There was a time when I couldn’t sing the song, “You Are My Sunshine” without crying. Somewhere near the part about taking my sunshine away, the tears would begin to blanket my eyes, the tears wouldn’t fall but the blanketing tears were present, enough to blur my vision and remind me of grief.
With my oldest it as been difficult to sing the song so, for years, we have been exchanging phrases while I hoover over his bed…
you are my sunshine…
you are my daisy.
you are my warm summer day…
you are my giant ice cream cone.
For a long time, I haven’t been able to sing the words “you are my sunshine” to my oldest child. Too many blanketing tears would come to blur my vision.
Tonight was different, tonight, I made it through a whole diddy of you are my sunshine with my youngest son without the blanketing of tears. At the end I whispered to him, “you are my sunshine.” and I looked right at him with pure eyes and a happy heart. (In return my son half sleepily said, “you are my poopy butt diaper.” I giggle because in a strange way he is being affectionate and silly.)
But tonight, I made it though a whole diddy of “you are my sunshine.” That is progress for me and this is the moment where I can see the hope of moving on shining brighter than the dark nights of hovering phrases and blanketing tears. The time isn’t healing my wounds but Jesus is. He is binding them up ever so carefully and making me able to sing sweet songs to my kids over their beds in the darkness.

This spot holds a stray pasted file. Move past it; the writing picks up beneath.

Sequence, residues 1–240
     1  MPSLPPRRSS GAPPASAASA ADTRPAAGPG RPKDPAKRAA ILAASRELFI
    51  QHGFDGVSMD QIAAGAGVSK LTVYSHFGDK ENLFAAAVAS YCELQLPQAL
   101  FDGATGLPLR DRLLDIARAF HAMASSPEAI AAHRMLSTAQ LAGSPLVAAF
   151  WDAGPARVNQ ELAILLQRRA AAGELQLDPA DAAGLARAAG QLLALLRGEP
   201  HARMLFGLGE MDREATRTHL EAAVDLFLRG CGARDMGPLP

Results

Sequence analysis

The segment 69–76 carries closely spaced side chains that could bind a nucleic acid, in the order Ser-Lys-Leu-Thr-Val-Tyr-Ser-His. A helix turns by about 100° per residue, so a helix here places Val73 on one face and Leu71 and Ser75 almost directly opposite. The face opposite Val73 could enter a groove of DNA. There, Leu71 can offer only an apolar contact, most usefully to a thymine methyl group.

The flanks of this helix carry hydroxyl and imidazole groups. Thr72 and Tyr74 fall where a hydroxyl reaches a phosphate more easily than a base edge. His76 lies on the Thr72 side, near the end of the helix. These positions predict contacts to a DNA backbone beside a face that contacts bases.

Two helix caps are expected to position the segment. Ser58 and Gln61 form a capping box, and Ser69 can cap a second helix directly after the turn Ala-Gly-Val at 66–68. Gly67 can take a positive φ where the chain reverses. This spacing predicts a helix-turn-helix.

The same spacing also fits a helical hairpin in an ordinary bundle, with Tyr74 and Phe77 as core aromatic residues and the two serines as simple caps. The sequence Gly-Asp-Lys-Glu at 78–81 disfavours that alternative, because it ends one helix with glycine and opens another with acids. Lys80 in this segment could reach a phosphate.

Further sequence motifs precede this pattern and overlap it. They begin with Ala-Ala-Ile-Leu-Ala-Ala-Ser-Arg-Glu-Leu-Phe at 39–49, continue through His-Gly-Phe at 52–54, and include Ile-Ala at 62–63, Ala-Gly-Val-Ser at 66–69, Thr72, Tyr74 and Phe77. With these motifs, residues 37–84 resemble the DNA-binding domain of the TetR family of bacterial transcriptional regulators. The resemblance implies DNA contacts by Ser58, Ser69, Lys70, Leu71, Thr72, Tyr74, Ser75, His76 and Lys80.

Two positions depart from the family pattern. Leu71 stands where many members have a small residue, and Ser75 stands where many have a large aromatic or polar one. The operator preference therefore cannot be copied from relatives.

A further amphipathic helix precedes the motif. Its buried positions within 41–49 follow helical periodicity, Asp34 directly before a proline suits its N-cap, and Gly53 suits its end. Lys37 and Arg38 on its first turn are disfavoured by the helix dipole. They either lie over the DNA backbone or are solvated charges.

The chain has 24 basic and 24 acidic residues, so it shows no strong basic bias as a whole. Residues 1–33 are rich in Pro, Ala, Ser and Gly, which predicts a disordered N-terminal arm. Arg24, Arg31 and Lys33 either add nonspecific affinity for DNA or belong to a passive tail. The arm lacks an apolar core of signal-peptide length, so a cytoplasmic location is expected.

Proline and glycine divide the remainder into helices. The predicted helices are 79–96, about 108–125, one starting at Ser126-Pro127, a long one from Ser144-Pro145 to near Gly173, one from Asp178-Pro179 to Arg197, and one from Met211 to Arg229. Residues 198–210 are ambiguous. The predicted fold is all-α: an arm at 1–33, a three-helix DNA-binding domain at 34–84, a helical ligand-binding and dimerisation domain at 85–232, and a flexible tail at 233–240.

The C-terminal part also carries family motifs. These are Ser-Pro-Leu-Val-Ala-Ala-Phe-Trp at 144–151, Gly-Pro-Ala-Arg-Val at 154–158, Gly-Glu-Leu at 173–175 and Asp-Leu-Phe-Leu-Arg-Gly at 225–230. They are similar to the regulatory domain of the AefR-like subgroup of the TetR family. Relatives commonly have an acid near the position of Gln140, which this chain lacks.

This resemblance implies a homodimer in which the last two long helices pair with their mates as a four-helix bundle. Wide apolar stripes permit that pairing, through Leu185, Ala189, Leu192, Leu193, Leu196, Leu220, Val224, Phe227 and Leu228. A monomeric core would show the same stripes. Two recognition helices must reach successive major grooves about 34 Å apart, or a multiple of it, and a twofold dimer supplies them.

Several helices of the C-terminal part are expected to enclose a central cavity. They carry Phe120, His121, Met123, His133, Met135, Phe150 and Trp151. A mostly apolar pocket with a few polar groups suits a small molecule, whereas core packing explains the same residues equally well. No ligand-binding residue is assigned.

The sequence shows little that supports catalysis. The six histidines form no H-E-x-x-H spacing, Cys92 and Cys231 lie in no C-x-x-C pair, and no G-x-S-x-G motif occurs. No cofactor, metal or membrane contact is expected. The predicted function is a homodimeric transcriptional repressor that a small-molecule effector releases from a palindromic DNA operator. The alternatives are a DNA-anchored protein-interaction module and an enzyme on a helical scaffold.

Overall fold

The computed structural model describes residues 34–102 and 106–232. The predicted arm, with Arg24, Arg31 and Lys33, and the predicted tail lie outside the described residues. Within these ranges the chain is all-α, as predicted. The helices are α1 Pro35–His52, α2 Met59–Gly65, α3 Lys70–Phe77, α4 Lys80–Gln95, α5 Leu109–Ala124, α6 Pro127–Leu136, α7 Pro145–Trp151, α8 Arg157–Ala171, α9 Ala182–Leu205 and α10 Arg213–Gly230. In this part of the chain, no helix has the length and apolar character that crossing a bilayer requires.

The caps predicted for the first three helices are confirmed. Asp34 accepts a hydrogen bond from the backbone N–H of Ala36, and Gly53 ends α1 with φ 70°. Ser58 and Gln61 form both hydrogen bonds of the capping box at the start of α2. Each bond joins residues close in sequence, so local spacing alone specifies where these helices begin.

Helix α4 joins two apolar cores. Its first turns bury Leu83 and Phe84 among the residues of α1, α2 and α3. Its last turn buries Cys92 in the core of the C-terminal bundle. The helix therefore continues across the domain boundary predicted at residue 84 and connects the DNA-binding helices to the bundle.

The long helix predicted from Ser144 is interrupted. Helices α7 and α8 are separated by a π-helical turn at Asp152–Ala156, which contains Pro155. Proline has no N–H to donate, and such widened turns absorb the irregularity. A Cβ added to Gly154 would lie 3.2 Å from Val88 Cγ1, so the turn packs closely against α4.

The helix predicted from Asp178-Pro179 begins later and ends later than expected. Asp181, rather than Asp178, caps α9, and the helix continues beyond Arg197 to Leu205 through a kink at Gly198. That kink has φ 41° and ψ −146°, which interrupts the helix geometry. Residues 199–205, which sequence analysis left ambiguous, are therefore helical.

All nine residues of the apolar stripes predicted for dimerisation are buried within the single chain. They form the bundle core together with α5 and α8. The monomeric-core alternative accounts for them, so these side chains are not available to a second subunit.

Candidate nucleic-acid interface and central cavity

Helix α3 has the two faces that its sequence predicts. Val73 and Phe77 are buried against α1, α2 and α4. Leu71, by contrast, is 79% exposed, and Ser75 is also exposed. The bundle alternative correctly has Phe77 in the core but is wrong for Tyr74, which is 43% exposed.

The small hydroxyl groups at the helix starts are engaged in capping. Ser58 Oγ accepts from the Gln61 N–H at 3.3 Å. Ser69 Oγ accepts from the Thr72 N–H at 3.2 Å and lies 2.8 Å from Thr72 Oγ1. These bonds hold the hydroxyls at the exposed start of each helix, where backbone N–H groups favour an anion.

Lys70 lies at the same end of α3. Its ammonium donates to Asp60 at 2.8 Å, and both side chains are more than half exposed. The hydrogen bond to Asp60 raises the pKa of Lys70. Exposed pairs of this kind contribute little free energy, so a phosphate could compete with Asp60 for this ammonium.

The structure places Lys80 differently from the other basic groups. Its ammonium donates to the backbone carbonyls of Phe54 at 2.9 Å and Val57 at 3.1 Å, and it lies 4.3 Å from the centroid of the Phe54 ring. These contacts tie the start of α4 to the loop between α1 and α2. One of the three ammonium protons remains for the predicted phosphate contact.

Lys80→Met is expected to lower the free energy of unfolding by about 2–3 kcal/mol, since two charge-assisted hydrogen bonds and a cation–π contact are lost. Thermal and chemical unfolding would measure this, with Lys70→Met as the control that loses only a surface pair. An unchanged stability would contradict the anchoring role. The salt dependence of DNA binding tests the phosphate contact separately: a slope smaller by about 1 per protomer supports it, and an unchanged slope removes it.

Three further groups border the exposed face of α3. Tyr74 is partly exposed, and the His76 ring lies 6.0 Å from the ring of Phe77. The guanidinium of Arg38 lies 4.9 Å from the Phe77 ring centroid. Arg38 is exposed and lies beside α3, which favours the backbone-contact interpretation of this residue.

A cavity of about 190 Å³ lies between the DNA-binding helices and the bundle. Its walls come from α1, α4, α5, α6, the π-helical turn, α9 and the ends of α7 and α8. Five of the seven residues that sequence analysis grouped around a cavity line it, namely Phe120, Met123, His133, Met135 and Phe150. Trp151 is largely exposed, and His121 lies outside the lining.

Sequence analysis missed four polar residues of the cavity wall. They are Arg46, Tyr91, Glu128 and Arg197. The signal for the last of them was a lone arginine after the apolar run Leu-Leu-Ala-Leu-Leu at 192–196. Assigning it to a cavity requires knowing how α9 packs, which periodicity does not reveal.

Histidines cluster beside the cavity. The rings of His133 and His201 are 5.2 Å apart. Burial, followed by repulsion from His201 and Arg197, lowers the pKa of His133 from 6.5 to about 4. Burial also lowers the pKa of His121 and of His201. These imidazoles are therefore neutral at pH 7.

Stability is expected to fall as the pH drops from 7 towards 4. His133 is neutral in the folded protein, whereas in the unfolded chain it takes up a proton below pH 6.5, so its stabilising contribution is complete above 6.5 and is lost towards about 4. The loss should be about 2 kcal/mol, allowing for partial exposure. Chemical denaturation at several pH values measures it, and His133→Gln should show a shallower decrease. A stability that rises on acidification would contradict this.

He is gentle with His love and He is patient with my grief.
“Love is patient, love is kind.”
I remember my mother singing that song to me. I can still hear her voice, her voice sounds just like the voice I have grown into as a woman and as a mother. It hurts my heart that she is not here and my kids can’t know her, but God is finally moving me to a different place in my grief. With Jesus binding the hurts and God renewing me, I can see that my kids knowing my mom simply comes from my kids knowing me.
My mom lives on in my songs.
My kids can know her through knowing me.
I am her sunshine, so my sun is beginning to shine bright in the darkness of grief.